Where and How Much?
Where and How Much?
A solution to the Vikings stadium question.
March 01, 2012
To: Ted Mondale
Dear Chair Mondale:
The Romans had it lucky: They built a stadium and it lasted for 2,000 years. We, on the other hand, build them, tear them down, and replace them every 30 years. Football stadia seem to be particularly peripatetic—the University of Minnesota has crossed the river twice to construct stadia within which to play. In fact, outside my office window, one can see two stadia that the NFL played in just last season. We are writing you to address building a third stadium for the Minnesota Vikings.
Whether to build.
Those of us who’ve grown up in this state know the difference between being a “major league” destination and merely—to steal a quote—a “cold Omaha.” We are a media-driven culture, and if you’re not constantly in the media, you’re not part of the culture. The question is not if, but where and how much.
The center of the economic engine of this state is Minneapolis. Minneapolis is exactly where the Vikings have played football for the last 30 years. Arden Hills is, from a fan-base and media perspective, the middle of nowhere.
You’re also not going to build a football stadium right next to the Basilica. By the football logic that prohibits a Sunday-playing professional team from sharing a facility with a Saturday-playing university team, one cannot put a raucous Sunday activity in close proximity to a prayerful Sunday activity.
The only practical objection to the obvious solution of rebuilding the Metrodome is that the Vikings would have to play at TCF Bank Stadium on the campus of the University of Minnesota for at least two seasons. As an aside, it was a colossal failure of political leadership and vision to have allowed TCF Bank Stadium to be built without solving the Vikings stadium issue by the construction of a single venue. This would have followed the common-sense dictum: one sport, one stadium. Nevertheless, here we are with at least one too many football stadia. The Vikings should play at TCF while the Metrodome is being rebuilt.
Because all pro football games are ticketed events, the serving of adult beverages to ticket holders should not pose an obstacle to the university’s policy of not serving alcoholic beverages during (Saturday) U of M football games. Wine tastings and other private events have been held at TCF Bank Stadium where adult beverages have been available to ticket holders already.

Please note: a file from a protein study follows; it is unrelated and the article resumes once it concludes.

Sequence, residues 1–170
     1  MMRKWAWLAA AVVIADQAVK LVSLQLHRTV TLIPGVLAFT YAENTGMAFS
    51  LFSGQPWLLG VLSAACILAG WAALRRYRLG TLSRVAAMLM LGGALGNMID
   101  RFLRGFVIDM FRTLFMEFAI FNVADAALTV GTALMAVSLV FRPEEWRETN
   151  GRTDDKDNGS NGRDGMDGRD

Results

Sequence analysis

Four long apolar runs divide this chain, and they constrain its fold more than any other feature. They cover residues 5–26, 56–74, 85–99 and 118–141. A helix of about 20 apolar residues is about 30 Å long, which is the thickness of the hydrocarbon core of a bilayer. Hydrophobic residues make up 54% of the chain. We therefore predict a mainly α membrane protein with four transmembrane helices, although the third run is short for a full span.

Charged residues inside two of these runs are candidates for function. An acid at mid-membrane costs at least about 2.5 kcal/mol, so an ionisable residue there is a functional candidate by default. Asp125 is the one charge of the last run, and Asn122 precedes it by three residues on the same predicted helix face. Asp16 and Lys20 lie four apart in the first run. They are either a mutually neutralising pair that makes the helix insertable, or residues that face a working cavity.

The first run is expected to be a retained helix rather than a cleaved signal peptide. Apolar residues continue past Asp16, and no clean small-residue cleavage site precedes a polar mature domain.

How to pay.
Having major pro sports teams and facilities in Minnesota is an advantage for the entire state and should be paid for as such. We have a working precedent that the individual pro sport team involved pays for approximately 30–40 percent of the entire cost of its facility, the rest of the money coming from public taxing authorities.
A major football stadium for the Vikings will cost almost $1 billion if constructed on the Metrodome site. Published reports and quick math will show that, at today’s low-interest rates, $40 million a year from the public would easily build the facility. But that would be a piecemeal and unsatisfying solution leading to a continuation of our patchwork of sports facilities.
There should be a new Sports Facilities Commission which has control over all publicly financed sports facilities (including TCF Stadium). This would allow for intelligent operational and fiscal oversight of these facilities; the public has paid for them, the public owns them, and the public ought to run them. It would also eliminate the costly competition for entertainment events that deprives many of these facilities from making a reasonable profit.
The implication of this proposal is that Target Center needs to be redesigned, there are changes that the Twins wish to make to Target Field, Xcel Energy needs financial relief, and TCF Bank Stadium could use more amenities and better parking. If the state is serious about first-class facilities, all of these matters can be accomplished, and they can be done under the oversight of one statewide governing group.
A statewide sales tax should be the source of revenue to pay the public’s portion of these improvements. A basic advantage to a statewide sales tax is that it falls proportionately on those communities and those customers in closest proximity to the enhanced sports facility. Gambling proceeds—shorn of the issue of who is really the victim (the tribes or bettors)—are not a stable source of funding. Considering the prospect of international online gambling, they are not even a revenue source with a likely future.
The governor has done what a governor should do: established a firm deadline and made people meet it. It is now time for you and the legislature to follow through in the best interest of the State of Minnesota by putting all sports facilities under one public authority, building a new Vikings home where their old home currently is, and funding all of those improvements with a Minnesota-wide sales tax.
Vance K. Opperman,
A Sports Fan
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